MCO Forges To Expand, Rail Connection Possibility After Pandemic Recession

MCO Forges To Expand, Rail Connection Possibility After Pandemic Recession


Click to enlarge

  • Image via Greater Orlando Aviation Authority (GOAA)

While expansion at Orlando International Airport has been underway for years, there was no guarantee that the MCO integration would be completed after the pandemic.

Last year, at the height of the confusion, the Greater Orlando Aviation Authority cut the budget for the expansion of Terminal C at MCO, even though the project was already more than halfway completed. The move was controversial even among the GOAA board of directors. Fortunately, the worst of it seems to be in the past and the projects are moving forward.

Casandra Matej, President and CEO of Visit Orlando, isn’t expecting a full rebound in local tourism numbers for at least another year, but it looks like the worst of the downturn is now behind us. in a Special Panel Event Focusing on the return of European visitors to Orlando, GOAA CEO Phil Brown spoke to Orlando Weekly About the future of the airport

At the time of last year’s budget cuts, we noted the airport’s strong performance up to 2020. And while last year saw a significant drop in passenger numbers, the airport recovered much faster than many expected. August of 2021 saw passengers only 15% lower than the month-to-month comparisons of 2019. Airport traffic more than doubled from the recession seen in 2020. Things are expected to look better as European travelers can Canadians will re-enter the United States

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South Terminal complex layout - Image via Greater Orlando Aviation Authority

  • Image via Greater Orlando Aviation Authority
  • South Hall complex plan

Now with better passenger numbers, many projects that were cut off last year have been brought back. This is partly due to more than $17.8 million in funding from the state. However, Brown explains, the airport should be careful with its spending as it recovers from the downturn.

“We are working on some additional funding for some additional apron that has been cut out that should help the process once we open again. We have a lot of demand at the gates. So we need to start bringing that back, but we have to get the revenue to keep up with the demand at this point. , “She said.

Terminal C will increase the total number of gates at the airport, which currently has 129, by more than fourteen percent.

Beyond the new gates, Terminal C is also the culmination of a decades-old push to make Orlando International Airport a true multimodal terminal. That will come in mid-2023 when Brightline will begin offering rail service between the airport and southern Florida. After the South Florida to Orlando line is completed, Brightline will turn their attention to connecting to Tampa via the Right of Way on Interstate 4 remaining from the voter-approved but Republican high-speed rail network in an earlier proposal for that lane.

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Luggage trolleys were installed in Terminal C earlier this year.  Construction work on the new building is now completed.  - Image via Greater Orlando Aviation Authority (Goa)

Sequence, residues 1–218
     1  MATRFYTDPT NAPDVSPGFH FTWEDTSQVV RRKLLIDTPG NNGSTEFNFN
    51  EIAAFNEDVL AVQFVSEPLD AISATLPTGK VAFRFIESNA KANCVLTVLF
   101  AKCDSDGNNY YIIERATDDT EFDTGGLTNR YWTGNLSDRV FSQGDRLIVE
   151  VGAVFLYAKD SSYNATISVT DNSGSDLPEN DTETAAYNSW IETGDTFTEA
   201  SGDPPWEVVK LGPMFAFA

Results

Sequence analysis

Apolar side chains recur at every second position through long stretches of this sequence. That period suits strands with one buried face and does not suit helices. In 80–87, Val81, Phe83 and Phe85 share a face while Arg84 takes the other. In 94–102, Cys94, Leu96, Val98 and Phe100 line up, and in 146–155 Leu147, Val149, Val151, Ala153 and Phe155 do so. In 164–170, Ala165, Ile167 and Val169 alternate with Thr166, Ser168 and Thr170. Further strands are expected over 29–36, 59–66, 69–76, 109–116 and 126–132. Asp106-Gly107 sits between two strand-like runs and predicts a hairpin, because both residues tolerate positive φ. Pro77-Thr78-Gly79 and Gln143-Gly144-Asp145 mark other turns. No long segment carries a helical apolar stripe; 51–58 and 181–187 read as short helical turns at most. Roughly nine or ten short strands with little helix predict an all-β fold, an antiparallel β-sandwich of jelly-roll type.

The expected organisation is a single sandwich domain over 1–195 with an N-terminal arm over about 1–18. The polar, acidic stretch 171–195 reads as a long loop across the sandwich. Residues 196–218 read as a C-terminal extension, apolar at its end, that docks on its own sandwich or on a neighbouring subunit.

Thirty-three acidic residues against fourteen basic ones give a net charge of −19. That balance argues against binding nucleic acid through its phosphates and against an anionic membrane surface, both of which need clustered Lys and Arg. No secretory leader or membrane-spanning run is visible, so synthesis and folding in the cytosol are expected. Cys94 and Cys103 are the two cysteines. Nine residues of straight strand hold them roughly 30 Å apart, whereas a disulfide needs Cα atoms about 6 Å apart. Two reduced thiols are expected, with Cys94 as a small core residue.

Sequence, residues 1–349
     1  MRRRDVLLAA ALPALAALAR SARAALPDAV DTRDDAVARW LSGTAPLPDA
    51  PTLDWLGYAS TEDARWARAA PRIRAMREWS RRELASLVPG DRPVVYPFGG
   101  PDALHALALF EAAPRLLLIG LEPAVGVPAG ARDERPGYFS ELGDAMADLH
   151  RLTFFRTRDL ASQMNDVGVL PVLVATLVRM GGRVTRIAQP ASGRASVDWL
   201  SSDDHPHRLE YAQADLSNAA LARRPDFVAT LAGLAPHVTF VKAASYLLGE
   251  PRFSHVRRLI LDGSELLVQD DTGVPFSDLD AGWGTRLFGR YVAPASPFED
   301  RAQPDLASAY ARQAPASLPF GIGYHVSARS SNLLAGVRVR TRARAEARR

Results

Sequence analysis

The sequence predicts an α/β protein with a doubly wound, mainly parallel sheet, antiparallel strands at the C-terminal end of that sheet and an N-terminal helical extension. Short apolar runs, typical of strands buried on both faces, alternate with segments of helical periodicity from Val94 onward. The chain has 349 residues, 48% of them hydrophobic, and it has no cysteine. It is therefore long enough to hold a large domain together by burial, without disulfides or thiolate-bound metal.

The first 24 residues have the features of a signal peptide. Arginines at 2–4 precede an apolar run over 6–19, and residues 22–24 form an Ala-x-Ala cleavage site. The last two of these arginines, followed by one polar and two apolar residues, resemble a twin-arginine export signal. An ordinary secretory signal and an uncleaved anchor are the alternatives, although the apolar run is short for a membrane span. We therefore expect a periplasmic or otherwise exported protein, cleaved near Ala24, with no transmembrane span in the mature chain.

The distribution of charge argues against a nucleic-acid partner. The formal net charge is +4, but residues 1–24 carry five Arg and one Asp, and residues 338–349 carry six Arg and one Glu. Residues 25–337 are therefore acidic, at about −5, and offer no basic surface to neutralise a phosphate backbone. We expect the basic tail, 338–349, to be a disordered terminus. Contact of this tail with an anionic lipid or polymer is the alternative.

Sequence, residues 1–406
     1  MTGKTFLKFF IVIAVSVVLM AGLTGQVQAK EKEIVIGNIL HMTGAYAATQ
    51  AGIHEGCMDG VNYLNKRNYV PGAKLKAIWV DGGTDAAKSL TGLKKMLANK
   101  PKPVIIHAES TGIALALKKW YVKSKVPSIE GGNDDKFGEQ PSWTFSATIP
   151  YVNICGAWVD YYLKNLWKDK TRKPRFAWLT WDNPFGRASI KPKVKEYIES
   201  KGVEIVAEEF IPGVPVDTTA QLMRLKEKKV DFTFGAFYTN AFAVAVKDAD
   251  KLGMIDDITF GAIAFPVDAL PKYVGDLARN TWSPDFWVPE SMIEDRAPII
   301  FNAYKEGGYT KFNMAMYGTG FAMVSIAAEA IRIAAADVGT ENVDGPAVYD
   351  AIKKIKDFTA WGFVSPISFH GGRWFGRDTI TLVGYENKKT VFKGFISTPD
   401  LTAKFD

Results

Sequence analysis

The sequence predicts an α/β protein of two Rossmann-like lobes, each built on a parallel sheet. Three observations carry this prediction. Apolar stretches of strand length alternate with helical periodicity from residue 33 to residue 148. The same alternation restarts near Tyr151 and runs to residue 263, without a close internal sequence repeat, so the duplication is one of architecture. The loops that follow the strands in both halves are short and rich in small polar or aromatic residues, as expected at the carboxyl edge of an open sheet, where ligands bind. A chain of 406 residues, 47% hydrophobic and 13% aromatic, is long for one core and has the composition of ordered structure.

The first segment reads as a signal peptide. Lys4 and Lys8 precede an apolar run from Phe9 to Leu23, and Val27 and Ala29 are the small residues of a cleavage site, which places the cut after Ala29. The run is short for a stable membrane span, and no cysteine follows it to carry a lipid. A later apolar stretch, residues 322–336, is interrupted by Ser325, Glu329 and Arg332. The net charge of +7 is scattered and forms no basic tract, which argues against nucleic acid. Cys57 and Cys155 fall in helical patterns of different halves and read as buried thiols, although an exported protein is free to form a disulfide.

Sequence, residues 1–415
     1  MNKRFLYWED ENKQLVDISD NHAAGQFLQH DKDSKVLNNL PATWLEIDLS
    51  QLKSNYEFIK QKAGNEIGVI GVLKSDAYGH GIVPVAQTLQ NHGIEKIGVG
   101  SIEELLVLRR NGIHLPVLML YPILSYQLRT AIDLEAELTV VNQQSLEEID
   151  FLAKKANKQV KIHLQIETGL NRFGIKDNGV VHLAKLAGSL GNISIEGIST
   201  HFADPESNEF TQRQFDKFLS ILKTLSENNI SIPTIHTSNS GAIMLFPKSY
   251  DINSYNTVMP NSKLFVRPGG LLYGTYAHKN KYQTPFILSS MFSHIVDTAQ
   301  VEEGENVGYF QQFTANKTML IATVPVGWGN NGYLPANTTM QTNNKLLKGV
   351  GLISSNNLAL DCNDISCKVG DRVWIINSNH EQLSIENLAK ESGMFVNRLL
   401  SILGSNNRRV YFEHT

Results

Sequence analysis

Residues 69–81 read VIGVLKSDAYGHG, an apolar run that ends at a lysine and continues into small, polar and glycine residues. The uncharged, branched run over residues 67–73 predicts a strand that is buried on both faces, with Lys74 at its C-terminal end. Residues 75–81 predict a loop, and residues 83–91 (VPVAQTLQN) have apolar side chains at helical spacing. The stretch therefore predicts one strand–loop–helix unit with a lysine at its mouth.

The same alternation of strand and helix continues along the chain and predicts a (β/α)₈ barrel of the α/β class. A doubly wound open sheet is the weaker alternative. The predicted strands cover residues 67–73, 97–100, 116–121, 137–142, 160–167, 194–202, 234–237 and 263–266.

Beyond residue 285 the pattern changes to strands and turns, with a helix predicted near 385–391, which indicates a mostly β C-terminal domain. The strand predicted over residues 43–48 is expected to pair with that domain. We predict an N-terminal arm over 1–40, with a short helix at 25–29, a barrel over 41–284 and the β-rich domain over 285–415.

• Image via Greater Orlando Aviation Authority (GOAA)
  • Luggage trolleys were installed in Terminal C earlier this year. Construction work on the new building is now completed.

There has been debate over which route Brightline will use to connect between the airport and I-4 with local leaders favoring an extension along the shore line with a potential layover at the Orange County Convention Center while Brightline prefers a slightly more direct route along SAR417. The road, though, provides an opportunity to connect with SunRail.

While she hasn’t publicly considered which route she would prefer, Florida State Representative Anna Escamani, whose district includes areas near the airport and several areas around SunRail terminals, explained to Orlando Weekly It hopes SunRail will connect directly to the airport, regardless of the route selected.

“I’m a staunch advocate of alternative transportation, especially public transportation. I think it’s important for readers to remember that Brightline is private, so Brightline is focused on those who can afford it. It’s important because we hope it eases traffic,” she said. I-4. I think any alternative transportation is positive because it takes traffic and cars out of the way, but at the end of the day, Brightline is not an alternative to investing in something like SunRail, and we have to really hold ourselves accountable for that point.”

She also prefers a route that stops at Disney, noting that removing this stop would make the train’s economic condition more difficult. However, it is hopeful that Orlando’s transit expansions will take into account other areas within the region.

“I really want to make sure that any kind of transportation system doesn’t just bring visitors into the tourism corridor. There is a lot to come to other parts of Central Florida for. Eskamani explains a lot to offer downtown, especially when it comes to arts and culture.” I make sure we have a transfer system that not only prioritizes the biggest players but also includes smaller nonprofits and pop-up or community events. That’s the kind of transportation system I want to see, and that’s why for the airport that’s in Terminal C, I really want to see the Bright Lane and also the SunRail go from downtown to the airport.”


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